His explanations flow from his account of significant conversations he has had with those who struggle personally with such questions (19-20). His own experiences of racism (105-106) and the testimony of women in his life (202-204) make evident his understanding and heart for people who have particular personal pain stemming from racism and misogyny. He is not writing merely a calculated apologetic volume—Murray writes from a posture of care and love for his readers.


There are also a few areas where small adjustments or elaborations may be helpful in the larger case that Murray is building. The first is regarding his lack of clear definitions. When entering into discussions in our day and age regarding things like racism and misogyny, let alone even more essential definitions like human dignity and equality, there is no shortage of ways in which these words take on different definitions depending on who is using them.

While over the course of the book, we catch glimpses of what is likely Murray’s working definition, the wide range of ways in which people use the very same words suggests that it would be beneficial to his larger argument to be clear and up-front with his own working definitions.

The risk Murray runs by not explicitly defining his terms is the possibility that his readers may finish his book without having their misconceptions about what the restoration that the Christian faith anticipates challenged or corrected. Perhaps he intends to lean into the way God’s common grace creates in humanity a shared recognition that things are not yet as they should be, and longing for justice to be brought to bear on those situations. There remains a very real risk that comes when we assume even those outside the church have the same vision of the future of society without ever clarifying that we mean the same things when we use the same words.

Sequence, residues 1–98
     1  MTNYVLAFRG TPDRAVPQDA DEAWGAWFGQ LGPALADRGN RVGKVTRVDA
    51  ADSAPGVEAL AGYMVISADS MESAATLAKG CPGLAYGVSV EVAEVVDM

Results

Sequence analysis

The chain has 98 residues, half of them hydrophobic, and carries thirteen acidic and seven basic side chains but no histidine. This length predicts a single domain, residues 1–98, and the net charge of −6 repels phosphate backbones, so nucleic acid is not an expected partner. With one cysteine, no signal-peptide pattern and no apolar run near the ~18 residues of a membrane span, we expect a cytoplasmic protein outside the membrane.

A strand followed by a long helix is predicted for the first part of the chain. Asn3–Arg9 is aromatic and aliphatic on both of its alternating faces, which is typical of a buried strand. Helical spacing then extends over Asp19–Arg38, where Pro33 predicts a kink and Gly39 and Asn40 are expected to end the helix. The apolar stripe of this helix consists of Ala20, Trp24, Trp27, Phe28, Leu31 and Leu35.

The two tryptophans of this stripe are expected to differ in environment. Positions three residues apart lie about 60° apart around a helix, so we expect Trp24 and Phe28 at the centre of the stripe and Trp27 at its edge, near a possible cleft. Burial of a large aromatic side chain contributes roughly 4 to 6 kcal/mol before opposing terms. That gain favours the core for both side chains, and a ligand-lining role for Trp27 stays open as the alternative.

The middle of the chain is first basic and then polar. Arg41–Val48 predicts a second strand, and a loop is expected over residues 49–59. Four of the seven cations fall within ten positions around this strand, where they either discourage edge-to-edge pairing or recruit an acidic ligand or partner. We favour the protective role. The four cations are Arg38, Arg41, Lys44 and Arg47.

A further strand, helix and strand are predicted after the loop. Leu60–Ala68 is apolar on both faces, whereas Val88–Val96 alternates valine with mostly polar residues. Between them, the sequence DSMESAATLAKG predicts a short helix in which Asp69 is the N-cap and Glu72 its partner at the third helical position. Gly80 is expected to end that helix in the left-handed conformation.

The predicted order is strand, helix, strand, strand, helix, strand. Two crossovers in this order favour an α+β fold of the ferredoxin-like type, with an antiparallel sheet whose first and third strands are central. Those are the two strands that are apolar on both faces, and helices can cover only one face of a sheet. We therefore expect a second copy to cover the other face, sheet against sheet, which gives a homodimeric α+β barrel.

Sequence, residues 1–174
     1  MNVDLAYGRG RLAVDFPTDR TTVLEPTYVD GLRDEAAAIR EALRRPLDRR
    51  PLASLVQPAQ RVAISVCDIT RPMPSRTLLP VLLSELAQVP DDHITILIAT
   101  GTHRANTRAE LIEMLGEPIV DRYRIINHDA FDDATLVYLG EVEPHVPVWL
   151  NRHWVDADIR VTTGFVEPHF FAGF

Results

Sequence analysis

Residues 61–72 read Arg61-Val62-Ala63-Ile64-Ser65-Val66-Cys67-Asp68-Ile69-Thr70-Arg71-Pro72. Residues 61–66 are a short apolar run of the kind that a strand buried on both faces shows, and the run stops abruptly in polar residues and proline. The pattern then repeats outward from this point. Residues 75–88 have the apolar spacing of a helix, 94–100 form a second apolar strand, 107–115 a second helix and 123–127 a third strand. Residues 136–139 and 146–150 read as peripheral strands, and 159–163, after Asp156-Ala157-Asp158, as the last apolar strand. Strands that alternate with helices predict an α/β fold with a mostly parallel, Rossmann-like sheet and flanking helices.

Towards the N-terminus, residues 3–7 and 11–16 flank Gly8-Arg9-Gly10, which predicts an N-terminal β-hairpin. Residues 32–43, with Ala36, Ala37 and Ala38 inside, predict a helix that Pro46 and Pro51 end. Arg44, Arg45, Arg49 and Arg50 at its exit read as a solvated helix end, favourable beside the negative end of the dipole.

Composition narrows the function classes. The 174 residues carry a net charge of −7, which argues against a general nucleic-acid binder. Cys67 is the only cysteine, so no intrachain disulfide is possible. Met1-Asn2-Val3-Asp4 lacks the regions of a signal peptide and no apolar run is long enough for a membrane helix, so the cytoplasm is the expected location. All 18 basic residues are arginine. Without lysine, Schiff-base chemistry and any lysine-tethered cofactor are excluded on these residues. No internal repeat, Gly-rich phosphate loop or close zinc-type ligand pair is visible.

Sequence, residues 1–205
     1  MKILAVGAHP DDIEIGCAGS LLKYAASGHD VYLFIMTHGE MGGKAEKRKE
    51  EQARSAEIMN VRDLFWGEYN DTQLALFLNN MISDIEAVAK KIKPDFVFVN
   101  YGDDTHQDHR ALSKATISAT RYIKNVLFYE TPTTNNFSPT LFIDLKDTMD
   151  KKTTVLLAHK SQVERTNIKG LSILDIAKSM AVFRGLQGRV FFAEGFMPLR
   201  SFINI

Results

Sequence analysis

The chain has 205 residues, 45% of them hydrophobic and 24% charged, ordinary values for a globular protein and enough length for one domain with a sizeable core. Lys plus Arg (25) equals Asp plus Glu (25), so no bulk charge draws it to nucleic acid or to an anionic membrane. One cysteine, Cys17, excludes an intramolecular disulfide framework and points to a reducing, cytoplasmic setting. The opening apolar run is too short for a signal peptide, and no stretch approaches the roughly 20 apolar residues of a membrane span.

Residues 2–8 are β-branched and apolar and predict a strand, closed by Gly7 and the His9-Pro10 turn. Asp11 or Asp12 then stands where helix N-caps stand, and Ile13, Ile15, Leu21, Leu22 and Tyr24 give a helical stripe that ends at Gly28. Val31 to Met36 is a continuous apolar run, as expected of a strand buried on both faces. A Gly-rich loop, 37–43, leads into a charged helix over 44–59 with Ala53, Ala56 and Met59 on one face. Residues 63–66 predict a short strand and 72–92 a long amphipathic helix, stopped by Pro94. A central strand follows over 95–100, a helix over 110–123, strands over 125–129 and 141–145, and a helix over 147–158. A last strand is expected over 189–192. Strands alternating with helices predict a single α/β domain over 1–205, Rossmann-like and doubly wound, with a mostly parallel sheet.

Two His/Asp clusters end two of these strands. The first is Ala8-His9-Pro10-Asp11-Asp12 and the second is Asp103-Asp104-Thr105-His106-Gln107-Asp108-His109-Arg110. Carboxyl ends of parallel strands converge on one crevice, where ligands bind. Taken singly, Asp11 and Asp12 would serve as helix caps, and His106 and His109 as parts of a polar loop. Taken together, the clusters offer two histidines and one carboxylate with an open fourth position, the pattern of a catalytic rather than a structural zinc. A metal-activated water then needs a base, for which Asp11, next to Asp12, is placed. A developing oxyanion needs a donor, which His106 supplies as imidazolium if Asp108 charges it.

The second critique is related to the first. Murray’s lack of clarity regarding his working definition of misogyny leads to unclear implications for those who maintain complementarian convictions. While he does go out of his way to legitimate complementarian views of gender roles by appealing to complementarian sources like Kathy Keller, and he does articulate that both “views share the same starting line on gender equality” (166), his interpretations of key New Testament texts—1 Corinthians 14:33b-34 and 1 Timothy 2:11-15 are the ones he interacts with in particular—follow lines of egalitarian reasoning.

He argues that the prohibitions in each text are limited to women who speak “in a manner that usurped a teaching authority they had not yet earned and spread heresy” (176) and against women who were guilty of “false teaching [which lead] to seizing of authority neither given nor earned through proper training” (177).